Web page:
Listen to Indonesian President Joko “Jokowi” Widodo, and you would think the country is on the brink of nothing less than a defense revolution.
At a meeting late last month at the Presidential Office attended by top ministers and advisers, Jokowi outlined the main priorities for the country’s defense policy. What stood out most was his determination to revolutionize the country’s defense industry, partly in order to create the self-reliance in military equipment that Indonesia has often talked about. That is not surprising, considering that the defense industry is the foundation upon which several of his foreign policy goals – including a global maritime fulcrum – are built.
In his remarks, Jokowi did lay out some specific guidelines might help Indonesia reach defense self-reliance. For instance, Indonesia will require every weapons purchase to include the transfer of technology for Indonesia’s state-owned strategic industries – including shipbuilder PT PAL, weapons and land systems maker PT PINDAD, and aircraft maker PT DI. Jokowi is already moving to prop up some of these state-owned defense entities. In early January, he announced $55 million in government funding to boost PT PINDAD following a visit to its facilities.
But others were more strategic considerations for the defense industry more generally. He said Indonesia should stop its habit of chasing after foreign weapon systems without making efforts to boost domestic production. He also added that the focus should be on building integrated defense equipment systems. Predictably, he also found a way to work in his global maritime fulcrum doctrine, emphasizing that the country’s shipbuilding industry should be able to produce non-military equipment as well like commercial ships. The whole point of this defense transformation, Jokowi stressed, is to ensure the industry is “developed for long term use, not only for one or two years.”
Of course, in many cases Jokowi is either building on previous plans or following long-sought goals. The ideal of self-reliance, for example, is reflected in the 2012 Law on Defense Industry, and is central to realizing the country’s goal of developing the Indonesian military (TNI) into a minimum essential force by 2024. Incremental progress had already been made during the Yudhoyono years on several strategic projects that involve technology transfer and enhancing local capabilities. The problem of lack of integration in defense systems has also been well-documented. To get a sense of the problem, as I have noted elsewhere, Indonesia was operating 173 different weapons systems from 17 different countries by 2006 according to one estimate.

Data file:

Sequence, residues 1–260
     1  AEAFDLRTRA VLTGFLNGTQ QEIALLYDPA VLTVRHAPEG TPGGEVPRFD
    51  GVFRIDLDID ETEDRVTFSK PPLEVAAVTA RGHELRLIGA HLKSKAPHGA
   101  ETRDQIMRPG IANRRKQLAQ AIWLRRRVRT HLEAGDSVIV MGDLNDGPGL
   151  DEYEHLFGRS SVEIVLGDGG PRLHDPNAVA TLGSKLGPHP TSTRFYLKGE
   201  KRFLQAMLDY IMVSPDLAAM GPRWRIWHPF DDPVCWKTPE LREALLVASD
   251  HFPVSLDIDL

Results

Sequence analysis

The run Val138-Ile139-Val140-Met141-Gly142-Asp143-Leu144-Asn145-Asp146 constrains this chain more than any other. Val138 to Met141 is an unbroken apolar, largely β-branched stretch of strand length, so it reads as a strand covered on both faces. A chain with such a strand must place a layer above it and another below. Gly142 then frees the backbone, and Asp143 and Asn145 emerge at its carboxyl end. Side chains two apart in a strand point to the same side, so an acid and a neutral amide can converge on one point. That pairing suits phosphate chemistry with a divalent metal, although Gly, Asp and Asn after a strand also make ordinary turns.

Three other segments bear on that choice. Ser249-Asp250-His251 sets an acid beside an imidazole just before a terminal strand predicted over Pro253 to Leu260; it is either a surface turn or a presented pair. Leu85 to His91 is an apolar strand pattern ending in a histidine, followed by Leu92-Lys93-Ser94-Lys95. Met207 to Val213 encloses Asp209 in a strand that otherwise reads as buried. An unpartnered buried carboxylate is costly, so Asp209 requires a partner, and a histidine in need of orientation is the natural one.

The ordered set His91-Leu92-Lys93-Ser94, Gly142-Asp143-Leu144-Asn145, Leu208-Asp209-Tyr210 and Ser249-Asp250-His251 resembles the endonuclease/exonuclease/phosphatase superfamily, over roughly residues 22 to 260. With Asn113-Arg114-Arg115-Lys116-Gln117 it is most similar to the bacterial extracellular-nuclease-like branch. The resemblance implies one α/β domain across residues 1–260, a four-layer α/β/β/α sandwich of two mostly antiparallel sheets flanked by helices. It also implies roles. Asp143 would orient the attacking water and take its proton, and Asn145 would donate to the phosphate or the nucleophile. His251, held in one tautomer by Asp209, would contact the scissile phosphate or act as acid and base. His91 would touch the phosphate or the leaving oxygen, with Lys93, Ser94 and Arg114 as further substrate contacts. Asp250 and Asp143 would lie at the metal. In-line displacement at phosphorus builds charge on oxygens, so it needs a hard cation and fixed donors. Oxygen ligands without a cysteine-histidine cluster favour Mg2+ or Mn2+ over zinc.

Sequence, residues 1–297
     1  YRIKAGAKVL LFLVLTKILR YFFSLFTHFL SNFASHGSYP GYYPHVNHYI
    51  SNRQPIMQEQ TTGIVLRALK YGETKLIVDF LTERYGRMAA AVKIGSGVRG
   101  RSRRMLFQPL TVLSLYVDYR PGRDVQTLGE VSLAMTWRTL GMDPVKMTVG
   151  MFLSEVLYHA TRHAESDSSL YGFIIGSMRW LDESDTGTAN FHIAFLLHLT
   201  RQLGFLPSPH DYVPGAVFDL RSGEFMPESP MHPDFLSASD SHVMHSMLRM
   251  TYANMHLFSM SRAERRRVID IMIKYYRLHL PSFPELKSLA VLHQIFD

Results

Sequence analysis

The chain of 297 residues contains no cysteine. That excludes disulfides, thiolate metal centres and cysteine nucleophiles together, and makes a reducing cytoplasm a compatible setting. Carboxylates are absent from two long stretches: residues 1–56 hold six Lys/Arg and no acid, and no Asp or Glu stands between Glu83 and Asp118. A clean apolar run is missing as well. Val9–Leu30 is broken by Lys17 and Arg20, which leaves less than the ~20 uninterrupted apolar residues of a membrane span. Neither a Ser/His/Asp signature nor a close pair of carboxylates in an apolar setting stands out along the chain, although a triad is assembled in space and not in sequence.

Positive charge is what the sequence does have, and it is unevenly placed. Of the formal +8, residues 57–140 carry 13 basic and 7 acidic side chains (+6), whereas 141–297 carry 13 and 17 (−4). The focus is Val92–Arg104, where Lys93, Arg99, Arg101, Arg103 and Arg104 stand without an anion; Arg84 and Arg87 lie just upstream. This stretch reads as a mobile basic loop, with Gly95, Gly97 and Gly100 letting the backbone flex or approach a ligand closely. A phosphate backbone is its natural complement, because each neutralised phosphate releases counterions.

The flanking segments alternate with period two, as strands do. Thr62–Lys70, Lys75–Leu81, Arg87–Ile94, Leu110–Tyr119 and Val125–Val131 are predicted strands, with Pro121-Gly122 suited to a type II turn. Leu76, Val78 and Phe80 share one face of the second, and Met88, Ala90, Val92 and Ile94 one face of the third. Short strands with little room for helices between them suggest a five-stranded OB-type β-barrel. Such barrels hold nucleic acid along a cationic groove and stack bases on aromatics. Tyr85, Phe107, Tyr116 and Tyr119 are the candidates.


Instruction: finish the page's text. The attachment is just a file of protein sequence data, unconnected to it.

The inherent constraints to achieving this revolution in Indonesia’s defense industry are also clear. There are a long list of them, but a couple are worth noting here. Funding is one concern. Despite recent increases, Indonesia’s military budget has never constituted more than one percent of its GDP, unlike some of its neighbors like Malaysia or Vietnam. Jokowi says he plans on raising the budget to 1.5 percent of GDP, but it is unclear whether he will achieve it, and how much of that budget will be devoted to goals like providing support for state-owned defense entities as opposed to personnel costs, which form the bulk of the budget.
Self-reliance is also an ideal that may be difficult to achieve in practice. TNI chief General Moeldoko – no stranger to controversy – insisted earlier this month that the country’s military still needs foreign-made weapons. Quite apart from Moeldoko’s own admission that he “salivated” looking at other nations’ equipment during search and rescue operations for AirAsia flight QZ8501, building a sophisticated defense industry at home takes time. Given Indonesia’s urgent need to accomplish basic tasks effectively – such as policing its own waters – Jakarta may find itself relying far more on competitive foreign weapons systems than Jokowi would like for now, even as it has its eye on developing a strong and capable defense industry in the future.